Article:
We would like to share with you our personal view, beliefs and approach about the research that is presented on these pages.
We both value the research of modern science and the many developments that have been discovered.
We also value the depth of wisdom and knowledge of traditional and classical five element acupuncture, which integrates the many aspects of body and mind.
We acknowledge the information gained from research, and we endevaour to use it where appropriate when meeting the needs of an individual who is suffering in health.
We hope later to share more information on the five elements of acupuncture.
This site was last updated on
17th October 2017
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Every effort has been made to ensure that the information provided in this site is accurate. It is not the intention to mislead or misinform anyone.
Our human responses to an intervention. (Whether it be pills, capsules, injections)
The effect of Practitioner interaction (Visual) and Words (Auditory).
In a study, a group of patients were given the intravenous pain killing drugs by a doctor who told them what was happening and in the other half of the group they received their drugs also via intravenous drip with an identical administration rate but this was controlled by a computer and these patients had no contact with a doctor. The patients who received their drugs with the doctor present got up to 50% more pain relief than those who received it via computer control. So the significant factor demonstrated here is that human interaction, image and words plays a part in improving pain relief.
A trial where doctors openly told half the patients with long term irritable bowel syndrome that they would receive capsules containing no active ingredients compared to the other half of patients who received nothing at all, found that those patients taking placebos did significantly better than those who received no treatment.
Components of placebo effect: randomised controlled trial in patients with irritable bowel syndrome
‘Objective To investigate whether placebo effects can experimentally be separated into the response to three components—assessment and observation, a therapeutic ritual (placebo treatment), and a supportive patient-
The first group received no treatment, the second group received sham acupuncture from a practitioner who didn’t engage in verbal interaction and the third group received the sham acupuncture from a practitioner who used an intervention model based on research concerning an optimal patient-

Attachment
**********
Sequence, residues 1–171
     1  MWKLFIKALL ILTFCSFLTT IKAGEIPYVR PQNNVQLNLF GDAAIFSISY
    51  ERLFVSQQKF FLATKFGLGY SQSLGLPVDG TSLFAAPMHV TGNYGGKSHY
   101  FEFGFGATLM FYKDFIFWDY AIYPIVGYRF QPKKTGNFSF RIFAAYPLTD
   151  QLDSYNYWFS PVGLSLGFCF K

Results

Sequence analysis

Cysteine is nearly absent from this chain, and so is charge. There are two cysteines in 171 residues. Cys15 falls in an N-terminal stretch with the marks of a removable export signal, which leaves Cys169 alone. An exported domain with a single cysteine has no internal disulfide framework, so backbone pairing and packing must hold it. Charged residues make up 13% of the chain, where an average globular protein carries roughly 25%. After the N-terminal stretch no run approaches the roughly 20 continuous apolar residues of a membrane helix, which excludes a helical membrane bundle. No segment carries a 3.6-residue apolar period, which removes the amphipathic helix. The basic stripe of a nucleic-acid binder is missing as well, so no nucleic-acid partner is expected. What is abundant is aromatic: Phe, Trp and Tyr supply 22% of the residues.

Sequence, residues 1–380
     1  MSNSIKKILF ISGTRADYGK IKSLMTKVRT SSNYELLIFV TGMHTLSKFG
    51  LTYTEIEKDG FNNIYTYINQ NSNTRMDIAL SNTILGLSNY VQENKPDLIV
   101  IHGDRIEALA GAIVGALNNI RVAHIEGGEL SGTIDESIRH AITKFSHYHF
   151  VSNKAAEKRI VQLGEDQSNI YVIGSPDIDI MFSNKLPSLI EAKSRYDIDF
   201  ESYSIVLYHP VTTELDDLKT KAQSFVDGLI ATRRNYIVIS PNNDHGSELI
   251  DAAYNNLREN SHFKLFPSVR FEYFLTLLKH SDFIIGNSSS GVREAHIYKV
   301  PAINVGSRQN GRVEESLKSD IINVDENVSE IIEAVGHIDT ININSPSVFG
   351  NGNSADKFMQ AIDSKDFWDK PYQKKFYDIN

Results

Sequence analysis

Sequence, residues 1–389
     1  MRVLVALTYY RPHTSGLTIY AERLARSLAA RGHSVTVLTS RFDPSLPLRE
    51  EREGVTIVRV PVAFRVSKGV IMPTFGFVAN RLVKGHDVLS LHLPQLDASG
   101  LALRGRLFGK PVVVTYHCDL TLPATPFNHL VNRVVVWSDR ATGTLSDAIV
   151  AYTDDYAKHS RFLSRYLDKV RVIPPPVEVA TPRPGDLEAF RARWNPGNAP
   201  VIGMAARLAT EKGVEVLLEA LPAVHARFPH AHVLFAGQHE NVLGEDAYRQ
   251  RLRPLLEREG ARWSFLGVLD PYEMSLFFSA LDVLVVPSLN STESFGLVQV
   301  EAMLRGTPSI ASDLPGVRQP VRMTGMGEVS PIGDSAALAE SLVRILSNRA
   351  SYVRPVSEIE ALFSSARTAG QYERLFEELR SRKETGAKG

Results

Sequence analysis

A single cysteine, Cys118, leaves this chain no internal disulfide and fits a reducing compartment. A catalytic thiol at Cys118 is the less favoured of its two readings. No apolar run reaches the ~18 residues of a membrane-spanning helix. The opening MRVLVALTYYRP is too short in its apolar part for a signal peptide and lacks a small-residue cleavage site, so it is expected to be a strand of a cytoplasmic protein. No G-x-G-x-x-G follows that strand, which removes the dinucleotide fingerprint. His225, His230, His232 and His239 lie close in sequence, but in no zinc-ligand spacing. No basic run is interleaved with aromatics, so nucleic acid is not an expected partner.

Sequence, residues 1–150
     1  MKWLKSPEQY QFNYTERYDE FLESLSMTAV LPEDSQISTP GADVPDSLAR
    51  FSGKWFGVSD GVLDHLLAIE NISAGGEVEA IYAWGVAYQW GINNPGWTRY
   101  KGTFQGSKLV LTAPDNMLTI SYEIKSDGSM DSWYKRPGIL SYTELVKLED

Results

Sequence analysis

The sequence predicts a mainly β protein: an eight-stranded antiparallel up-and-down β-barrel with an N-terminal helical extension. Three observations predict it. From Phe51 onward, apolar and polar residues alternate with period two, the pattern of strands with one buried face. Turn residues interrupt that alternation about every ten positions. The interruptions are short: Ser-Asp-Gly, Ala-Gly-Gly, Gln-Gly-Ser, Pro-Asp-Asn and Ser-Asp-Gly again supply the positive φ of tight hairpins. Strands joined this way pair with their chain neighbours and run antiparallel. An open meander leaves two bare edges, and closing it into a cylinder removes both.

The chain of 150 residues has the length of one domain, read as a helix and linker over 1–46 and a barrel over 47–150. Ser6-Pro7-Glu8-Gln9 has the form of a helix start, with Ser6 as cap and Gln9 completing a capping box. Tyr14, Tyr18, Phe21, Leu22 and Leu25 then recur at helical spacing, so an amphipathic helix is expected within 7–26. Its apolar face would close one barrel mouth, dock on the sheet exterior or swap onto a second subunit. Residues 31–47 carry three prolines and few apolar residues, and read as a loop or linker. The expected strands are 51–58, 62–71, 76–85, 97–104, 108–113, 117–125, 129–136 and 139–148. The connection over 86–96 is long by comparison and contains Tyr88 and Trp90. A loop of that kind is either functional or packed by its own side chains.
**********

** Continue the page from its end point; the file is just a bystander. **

Conclusion. Factors contributing to the placebo effect can be progressively combined in a manner resembling a graded dose escalation of component parts. Non-
Ideally this trial would be repeated but this time including real acupuncture as the third group.
It is impossible to carry out placebo trials on acupuncture. There is no such thing as an inert needle.
Most people know that we have nerves going to virtually every part of our body so when we place an acupuncture needle in a person we will induce some kind of stimulus. One study confirms this that it is impossible to produce an inactive placebo (sham) needle. MacPherson H. et al (2014) Influence of Control Group on Effect Size in Trials of Acupuncture for Chronic Pain: A Secondary Analysis of an Individual Patient Data Meta-
Clinically. In view of this the next best research approach is to compare acupuncture to best standard treatment and as research is directed in this direction we are beginning to see some very positive results on the benefit of acupuncture compared to other treatments, eg. osteoarthritis of the knee.
What do we know? We do know that needling real acupuncture points produce very specific changes within the brain (via looking at functional magnetic resonance imaging (fMRI)) that are very different from the observed effects of sham acupuncture needling.
However all this research into trying to evaluate acupuncture is making researchers discover many invaluable things that are very positive for any practitioner who carries out some form of intervention for a patient, whether it be surgery, prescribing, counselling, etc. The ex Professor of Complementary Medicine, Edzard Ernst states ‘We should always maximise the placebo effect in conjunction with effective treatments,’ Marchant, Jo. Cure: A Journey Into the Science of Mind over Body (p. 35). Canongate Books. Kindle Edition.
Below are listed some of these discoveries, others will be added in due course.